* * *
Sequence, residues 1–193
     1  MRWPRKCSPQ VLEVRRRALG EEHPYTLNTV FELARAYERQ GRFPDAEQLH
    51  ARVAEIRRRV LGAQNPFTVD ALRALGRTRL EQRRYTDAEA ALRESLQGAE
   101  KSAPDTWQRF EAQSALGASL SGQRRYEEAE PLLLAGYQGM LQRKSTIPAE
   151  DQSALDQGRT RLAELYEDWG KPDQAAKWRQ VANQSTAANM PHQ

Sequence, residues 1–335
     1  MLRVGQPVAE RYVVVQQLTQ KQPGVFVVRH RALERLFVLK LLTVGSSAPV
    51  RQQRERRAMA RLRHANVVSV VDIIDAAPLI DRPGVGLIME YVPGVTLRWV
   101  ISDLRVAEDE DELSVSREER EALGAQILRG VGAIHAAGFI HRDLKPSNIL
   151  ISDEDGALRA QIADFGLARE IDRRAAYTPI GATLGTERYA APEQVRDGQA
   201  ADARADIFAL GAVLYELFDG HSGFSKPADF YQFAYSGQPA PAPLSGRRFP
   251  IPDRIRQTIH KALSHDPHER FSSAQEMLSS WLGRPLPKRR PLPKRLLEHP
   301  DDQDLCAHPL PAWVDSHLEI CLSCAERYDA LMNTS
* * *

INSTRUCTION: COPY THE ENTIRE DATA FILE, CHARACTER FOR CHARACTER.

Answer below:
Sequence, residues 1–193
     1  MRWPRKCSPQ VLEVRRRALG EEHPYTLNTV FELARAYERQ GRFPDAEQLH
    51  ARVAEIRRRV LGAQNPFTVD ALRALGRTRL EQRRYTDAEA ALRESLQGAE
   101  KSAPDTWQRF EAQSALGASL SGQRRYEEAE PLLLAGYQGM LQRKSTIPAE
   151  DQSALDQGRT RLAELYEDWG KPDQAAKWRQ VANQSTAANM PHQ

Sequence, residues 1–335
     1  MLRVGQPVAE RYVVVQQLTQ KQPGVFVVRH RALERLFVLK LLTVGSSAPV
    51  RQQRERRAMA RLRHANVVSV VDIIDAAPLI DRPGVGLIME YVPGVTLRWV
   101  ISDLRVAEDE DELSVSREER EALGAQILRG VGAIHAAGFI HRDLKPSNIL
   151  ISDEDGALRA QIADFGLARE IDRRAAYTPI GATLGTERYA APEQVRDGQA
   201  ADARADIFAL GAVLYELFDG HSGFSKPADF YQFAYSGQPA PAPLSGRRFP
   251  IPDRIRQTIH KALSHDPHER FSSAQEMLSS WLGRPLPKRR PLPKRLLEHP
   301  DDQDLCAHPL PAWVDSHLEI CLSCAERYDA LMNTS